Winston Churchill had an acute appreciation of what belongs to war and what belongs to peace. We tend to remember his resistance to Nazi tyranny during the Second World War and his actions as a man of war. In this book, scholars from the United States, Great Britain, and South Africa examine his other actions and comments, those that reflect the primary focus of Churchill's long career: his attempts to keep and restore peace throughout the world, from Queen Victoria's little wars to the Cold War.
    12,31  TL123,12  TL
  • The Irrepressible Churchill: Winston's World, Wars & Wit

    Sert Kapak
    Sir Winston Churchill remains Britain's most iconic statesman and one of the 20th century's greatest orators. Written mainly in his own words, this new edition of a classic work details his remarkable career as well as his extraordinary life. Collated by Kay Halle, a close family friend of the Churchills, it provides an invaluable record of Sir Winston's thoughts, opinions, wit, and wisdom.
    19,20  TL38,41  TL
  • Joseph Conrad (The British Library Writers' Lives)

    Karton Kapak
    At the age of 11, Jozef Teodor Konrad Korzeniowski had already led an extraordinary life. Born in the Ukraine, to Polish patriot parents, the boy had endured a hazardous childhood of exile and oppression. Years later, after sailing the seas, he was to emerge as Joseph Conrad, Englishman and one of the world's greatest writers. This biography explores how Conrad's experiences of exile and his choice of career at sea shaped some of the major themes of his writing.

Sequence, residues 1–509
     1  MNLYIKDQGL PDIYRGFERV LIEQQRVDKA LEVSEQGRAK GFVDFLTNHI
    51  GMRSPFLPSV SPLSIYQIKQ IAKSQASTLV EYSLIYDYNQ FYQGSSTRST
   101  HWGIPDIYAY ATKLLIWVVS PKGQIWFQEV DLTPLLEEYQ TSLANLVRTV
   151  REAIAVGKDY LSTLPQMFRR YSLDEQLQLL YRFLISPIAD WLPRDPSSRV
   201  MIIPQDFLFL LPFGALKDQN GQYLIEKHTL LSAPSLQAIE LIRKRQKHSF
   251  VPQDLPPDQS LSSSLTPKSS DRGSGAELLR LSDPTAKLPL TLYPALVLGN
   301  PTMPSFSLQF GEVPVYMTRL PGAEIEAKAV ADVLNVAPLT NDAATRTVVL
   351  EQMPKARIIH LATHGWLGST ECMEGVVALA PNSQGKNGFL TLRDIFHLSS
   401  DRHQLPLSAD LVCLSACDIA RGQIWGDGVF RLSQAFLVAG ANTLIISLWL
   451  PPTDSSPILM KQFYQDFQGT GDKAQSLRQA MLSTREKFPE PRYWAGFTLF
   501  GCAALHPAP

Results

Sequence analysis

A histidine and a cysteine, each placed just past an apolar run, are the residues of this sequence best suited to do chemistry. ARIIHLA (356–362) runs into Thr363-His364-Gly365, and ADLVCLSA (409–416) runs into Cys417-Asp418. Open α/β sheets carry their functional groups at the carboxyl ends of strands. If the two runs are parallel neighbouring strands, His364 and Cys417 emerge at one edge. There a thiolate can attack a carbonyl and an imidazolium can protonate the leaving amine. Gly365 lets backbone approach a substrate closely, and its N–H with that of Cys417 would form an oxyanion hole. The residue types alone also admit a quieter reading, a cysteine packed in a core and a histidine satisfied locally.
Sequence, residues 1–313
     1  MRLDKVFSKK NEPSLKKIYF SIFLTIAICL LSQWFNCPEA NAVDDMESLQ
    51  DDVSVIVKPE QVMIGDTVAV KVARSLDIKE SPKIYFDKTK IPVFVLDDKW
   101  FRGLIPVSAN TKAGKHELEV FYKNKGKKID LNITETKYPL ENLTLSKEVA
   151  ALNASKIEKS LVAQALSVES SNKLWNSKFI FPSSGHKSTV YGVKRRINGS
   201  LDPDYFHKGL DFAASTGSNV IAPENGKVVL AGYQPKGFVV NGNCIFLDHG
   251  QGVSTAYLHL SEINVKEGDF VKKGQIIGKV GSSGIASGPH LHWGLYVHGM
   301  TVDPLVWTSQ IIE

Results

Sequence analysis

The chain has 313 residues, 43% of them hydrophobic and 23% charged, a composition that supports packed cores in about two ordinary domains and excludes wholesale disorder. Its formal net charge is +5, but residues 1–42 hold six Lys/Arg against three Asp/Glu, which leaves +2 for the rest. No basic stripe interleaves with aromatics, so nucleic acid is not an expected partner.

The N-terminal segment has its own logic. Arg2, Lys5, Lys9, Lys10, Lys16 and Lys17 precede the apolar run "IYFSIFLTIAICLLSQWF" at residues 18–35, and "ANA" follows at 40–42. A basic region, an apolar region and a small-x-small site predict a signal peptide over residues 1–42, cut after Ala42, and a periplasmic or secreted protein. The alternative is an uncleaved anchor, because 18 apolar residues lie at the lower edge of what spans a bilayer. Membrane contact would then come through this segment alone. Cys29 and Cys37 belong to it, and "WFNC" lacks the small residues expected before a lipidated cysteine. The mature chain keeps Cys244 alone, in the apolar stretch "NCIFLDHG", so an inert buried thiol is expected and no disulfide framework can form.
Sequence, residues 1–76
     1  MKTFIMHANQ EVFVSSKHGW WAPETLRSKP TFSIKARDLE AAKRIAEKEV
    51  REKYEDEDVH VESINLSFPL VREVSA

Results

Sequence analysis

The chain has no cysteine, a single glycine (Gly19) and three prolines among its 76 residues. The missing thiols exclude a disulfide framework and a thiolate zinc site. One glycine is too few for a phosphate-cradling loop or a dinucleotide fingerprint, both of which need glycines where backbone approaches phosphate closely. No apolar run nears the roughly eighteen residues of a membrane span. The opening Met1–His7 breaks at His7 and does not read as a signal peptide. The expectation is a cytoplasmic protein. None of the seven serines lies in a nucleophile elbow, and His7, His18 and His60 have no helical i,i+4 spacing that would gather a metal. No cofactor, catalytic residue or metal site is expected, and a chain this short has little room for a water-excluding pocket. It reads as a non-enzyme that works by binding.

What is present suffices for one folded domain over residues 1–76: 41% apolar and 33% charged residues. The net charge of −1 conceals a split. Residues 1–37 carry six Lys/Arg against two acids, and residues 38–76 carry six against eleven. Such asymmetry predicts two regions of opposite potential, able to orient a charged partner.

9,04  TL43,05  TL
  • Elizabeth I and Her World

    Karton Kapak
    An intimate account of a remarkable national transformation: how Queen Elizabeth I set out to capture the hearts of her people.A brilliant picture of Queen Elizabeth I's life emerges here, beginning with her birth—her father Henry VIII had desired a male heir—punctuated by conspiracies, and endangered during the period of rule by her Catholic half-sister Mary, whom she succeeded in 1558. It gave her an enduring sense that to remain on the throne she must encourage the love of her people. In plays and pageants, in cameos, medallions, and portraits, and through the furnishings and gardens of the great country houses, the royal image was specifically tailored to evoke devotion. To love Elizabeth was to love England, and the Queen personified both an era and a national style.Watkins skillfully recreates court life in the palaces along the Thames, and in the nearly sixty royal houses that were Elizabeth's inheritance. An important part of the spectacle was the royal progress to the great country houses of her subjects. An Elizabethan house was not just an architectural achievement: it was often the literal embodiment of a relationship with the monarch. Throughout, Mark Fiennes' inspired photography, together with portraits, paintings, tapestries, and personal objects, give visual expression to the nation's evolving love affair with its queen. 157 illustrations, 154 in color.
    32,35  TL64,69  TL
  • Forget Sorrow: An Ancestral Tale

    Sert Kapak
    Celebrated artist and writer Belle Yang makes a stunning debut as a graphic memoirist with this story of crisis and survival.When Belle Yang was forced to take refuge in her parents’ home after an abusive boyfriend began stalking her, her father entertained her with stories of old China. The history she’d ignored while growing up became a source of comfort and inspiration, and narrowed the gap separating her—an independent, Chinese-American woman—from her Old World Chinese parents. In Forget Sorrow, Yang makes her debut into the graphic form with the story of her father’s family, reunited under the House of Yang in Manchuria during the Second World War and struggling—both together and individually—to weather poverty, famine, and, later, Communist oppression. The parallels between Belle Yang’s journey of self-discovery and the lives and choices of her grandfather, his brothers, and their father (the Patriarch) speak powerfully of the conflicts between generations—and of possibilities for reconciliation. Forget Sorrow demonstrates the power of storytelling and remembrance, as Belle—in telling this story—finds the strength to honor both her father and herself.